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By Levi Clancy for Student Reader on

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Determining whether or not cells can transfer genetic material by direct contact. Lederberg and Tatum began with 2 mutants of E. coli: (A) was Bio-Met-, (B) was Thr-Leu-. When these cells are plated on Bio-Met-Leu-Thr- agar, there will be no growth. When at least 108 of these cells are mixed, and then plated on Bio-Met-Leu-Thr- agar, then there is growth. This could be due to transformation, though, and further experimentation is required. Conjugation is much less efficient than transformation, and you could not use boiled lysates and direct cell-cell contact still might not be required. To test this, Lederberg and Tatum constructed a U-Tube with media and in the middle was a cell-proof filter that was permeable to macromolecules. When these are plated on Bio-Met-Leu-Thr- agar, there is no growth. When the filter is removed, there is growth. As a result, direct cell-cell contact is required.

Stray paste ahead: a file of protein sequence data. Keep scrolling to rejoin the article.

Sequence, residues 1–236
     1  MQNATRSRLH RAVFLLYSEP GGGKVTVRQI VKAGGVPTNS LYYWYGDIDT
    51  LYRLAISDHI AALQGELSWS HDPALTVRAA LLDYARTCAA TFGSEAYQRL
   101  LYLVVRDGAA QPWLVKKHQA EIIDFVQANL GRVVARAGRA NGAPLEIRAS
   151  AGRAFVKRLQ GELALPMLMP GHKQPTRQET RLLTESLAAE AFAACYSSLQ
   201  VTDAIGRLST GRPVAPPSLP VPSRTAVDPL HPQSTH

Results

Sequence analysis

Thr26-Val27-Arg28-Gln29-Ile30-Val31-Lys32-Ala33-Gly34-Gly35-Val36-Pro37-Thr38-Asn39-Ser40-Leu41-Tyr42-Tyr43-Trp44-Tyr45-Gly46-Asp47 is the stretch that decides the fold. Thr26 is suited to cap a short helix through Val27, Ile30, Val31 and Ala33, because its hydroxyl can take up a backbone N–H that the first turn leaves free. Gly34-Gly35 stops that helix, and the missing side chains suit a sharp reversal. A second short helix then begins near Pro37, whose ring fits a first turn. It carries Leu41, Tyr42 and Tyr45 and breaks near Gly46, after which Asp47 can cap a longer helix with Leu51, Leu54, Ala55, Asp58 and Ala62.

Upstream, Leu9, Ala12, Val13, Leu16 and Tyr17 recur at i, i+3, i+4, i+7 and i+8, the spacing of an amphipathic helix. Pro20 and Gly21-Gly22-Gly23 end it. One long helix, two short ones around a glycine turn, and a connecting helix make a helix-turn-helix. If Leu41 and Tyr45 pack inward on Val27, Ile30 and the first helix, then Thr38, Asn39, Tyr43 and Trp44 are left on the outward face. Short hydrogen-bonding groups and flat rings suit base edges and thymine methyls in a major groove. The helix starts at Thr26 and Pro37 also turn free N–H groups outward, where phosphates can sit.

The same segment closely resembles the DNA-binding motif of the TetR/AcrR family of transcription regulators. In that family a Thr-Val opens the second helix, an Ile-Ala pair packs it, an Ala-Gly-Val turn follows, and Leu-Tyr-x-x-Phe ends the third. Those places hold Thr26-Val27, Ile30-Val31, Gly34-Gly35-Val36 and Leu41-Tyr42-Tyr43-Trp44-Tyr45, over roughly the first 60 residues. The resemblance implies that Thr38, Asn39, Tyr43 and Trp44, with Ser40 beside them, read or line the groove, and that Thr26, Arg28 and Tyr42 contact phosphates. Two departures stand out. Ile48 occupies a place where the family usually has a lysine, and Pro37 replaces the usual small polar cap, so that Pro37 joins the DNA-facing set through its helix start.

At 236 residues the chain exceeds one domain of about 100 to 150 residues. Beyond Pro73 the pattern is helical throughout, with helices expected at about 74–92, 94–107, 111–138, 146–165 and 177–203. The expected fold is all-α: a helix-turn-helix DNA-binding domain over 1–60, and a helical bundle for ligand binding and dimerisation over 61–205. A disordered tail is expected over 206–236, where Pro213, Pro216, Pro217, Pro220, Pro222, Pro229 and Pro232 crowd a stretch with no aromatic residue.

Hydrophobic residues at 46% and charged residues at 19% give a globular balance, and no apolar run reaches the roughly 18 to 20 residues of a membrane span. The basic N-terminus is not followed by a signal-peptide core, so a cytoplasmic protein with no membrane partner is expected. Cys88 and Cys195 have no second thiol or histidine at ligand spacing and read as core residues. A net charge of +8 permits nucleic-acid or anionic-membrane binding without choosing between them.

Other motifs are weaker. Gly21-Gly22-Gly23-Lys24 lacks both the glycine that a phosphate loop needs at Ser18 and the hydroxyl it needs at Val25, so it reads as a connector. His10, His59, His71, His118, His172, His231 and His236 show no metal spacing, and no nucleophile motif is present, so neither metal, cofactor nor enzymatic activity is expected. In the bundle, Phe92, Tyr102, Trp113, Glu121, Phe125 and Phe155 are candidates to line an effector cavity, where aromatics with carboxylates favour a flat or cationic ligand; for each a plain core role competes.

Conjugation summary

  • Cell-cell contact

  • Transfer is 1-way (donor to recipient)

  • Not all cells are donors

  • Recipients become donors

  • Xsmal genes are rarel transferred

The hypothesis is that donor cells have a fertility factor transferred to recipient cells. The fertility factor is a non-xsm genetic element called the F-factor (renamed F-plasmid).

There is a donor, which shall be called F+. This is the first discovery of a plasmid. The F-plasmid carries genes for pillus formation (tra) and DNA transfer, and an origin of transfer. There are a huge number of naturally occurring plasmids, and they can carry various traits, including: drug resistance, metal ion resistance, virulence factors and metabolic pathways. Figure 10.20 shows the R-100 plasmid.

Hfr has a high frequency of recombination and is integrated into the host xsm. It is constantly being expressed.

The Interrupted Mating Experiment uses conjugation to determine the order of genes.